Remember: continentality is the effect of location on a continent on the climate of a place. Inland locations typically have larger temperature ranges and (possibly) drier conditions than maritime locations.

Compare these two locations. Which one is further inland? How can you tell?

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E is for Elevation

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ELEVATION

The higher you go, the colder it gets. As you go up in elevation, the air gets thinner and does not trap heat. Are there glaciers on the equator??

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Remember: elevation affects climate and climate affects the type of vegetation.

Elevation

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Elevation affects the type of natural vegetation & crops that grow in a region.

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In this photo, you can see the tree line-the highest point on a mountain that trees can survive.

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M is for Mountain Barriers

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MOUNTAIN BARRIERS (aka the Orographic Effect or the Rain Shadow Effect)

Winds blow across the ocean & push moisture inland. Moisture cloud reaches the mountains, gets “popped” by the mountain top & rains on the coastal side By the time this cloud reaches the other side of the mountains, the air is dry. What very dry state do you find East of the Sierra Nevada Mts??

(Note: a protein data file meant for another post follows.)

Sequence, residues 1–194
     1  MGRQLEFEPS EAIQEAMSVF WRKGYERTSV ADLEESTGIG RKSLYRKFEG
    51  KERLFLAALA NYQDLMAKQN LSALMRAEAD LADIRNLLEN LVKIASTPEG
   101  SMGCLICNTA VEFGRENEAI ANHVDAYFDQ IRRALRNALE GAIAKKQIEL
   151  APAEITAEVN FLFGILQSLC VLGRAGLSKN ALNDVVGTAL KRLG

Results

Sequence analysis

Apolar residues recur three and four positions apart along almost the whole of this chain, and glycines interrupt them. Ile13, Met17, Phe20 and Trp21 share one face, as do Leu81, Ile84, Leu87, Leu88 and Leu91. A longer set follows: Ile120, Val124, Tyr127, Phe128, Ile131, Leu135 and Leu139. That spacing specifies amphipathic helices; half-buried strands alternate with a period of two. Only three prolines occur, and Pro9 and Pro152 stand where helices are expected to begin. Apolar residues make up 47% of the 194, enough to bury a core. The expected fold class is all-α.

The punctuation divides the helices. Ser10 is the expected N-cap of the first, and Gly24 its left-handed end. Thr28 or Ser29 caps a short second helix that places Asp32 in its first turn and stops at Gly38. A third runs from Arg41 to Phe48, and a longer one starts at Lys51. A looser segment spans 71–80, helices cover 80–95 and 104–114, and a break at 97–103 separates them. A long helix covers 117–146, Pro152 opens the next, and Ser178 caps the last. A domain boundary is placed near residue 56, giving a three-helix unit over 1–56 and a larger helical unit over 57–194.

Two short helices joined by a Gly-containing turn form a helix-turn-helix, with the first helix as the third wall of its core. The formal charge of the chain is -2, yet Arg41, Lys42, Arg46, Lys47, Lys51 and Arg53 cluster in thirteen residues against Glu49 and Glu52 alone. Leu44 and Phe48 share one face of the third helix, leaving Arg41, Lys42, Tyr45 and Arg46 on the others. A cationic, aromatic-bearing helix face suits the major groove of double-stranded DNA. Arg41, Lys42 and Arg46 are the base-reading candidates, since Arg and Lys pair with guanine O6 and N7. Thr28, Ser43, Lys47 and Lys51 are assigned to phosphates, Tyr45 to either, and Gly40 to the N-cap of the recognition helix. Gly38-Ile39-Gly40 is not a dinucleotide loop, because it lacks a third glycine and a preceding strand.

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Mountain Barriers: Rain Shadow

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O is for Ocean Currents

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OCEAN CURRENTS

The UK & Europe are on the same line of latitude as Canada. Do they experience the same climate? North Atlantic Drift = warm current that flows up from the equator & and keeps Europe warmer than it should be at that latitude

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Ocean Currents

Cold currents create dry conditions on the coast. Warm currents create wet conditions on the coast.

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Ocean Currents

Physical Map of Africa

Using both maps above, how do you explain the existence of the desert region of southwestern Africa?

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P is for Pressure and Prevailing Winds

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High Pressure

=H Heavy, cool air, brings clear skies and no rain. Low Pressure =L Light, warm air, usually brings precipitation

Pressure

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Earth’s winds would blow in straight lines, but since the earth rotates they are turned at an angle. In the northern hemisphere, they turn to the right. In the southern hemisphere they turn to the left. This bending of the wind is called the Coriolis Effect.

Wind and the Coriolis Effect

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Cyclonic storms (hurricanes & typhoons) Northern Hemisphere spin counter-clockwise. Southern Hemisphere cyclones spin clockwise.

Northern Hemisphere

Southern Hemisphere

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What relationship can you detect between the diagram and the map of the world’s major deserts? HINT: Think high pressure vs. low pressure.

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S is for Storms

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Storms

Storms occur where ….polar winds meet westerlieswhen hot & cold air masses collide

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Tropical Storm

Cat. 5 Hurricane

Tornado

Cyclone

Storm Tracks

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L atitudeA ir MassesC ontinentalityE levationM ountain BarriersO cean CurrentsP ressure & Prevailing WindsS torms

This acronym was .introduced by: Dr. James Petersen – Texas State University – San Marcos, TX, 1990.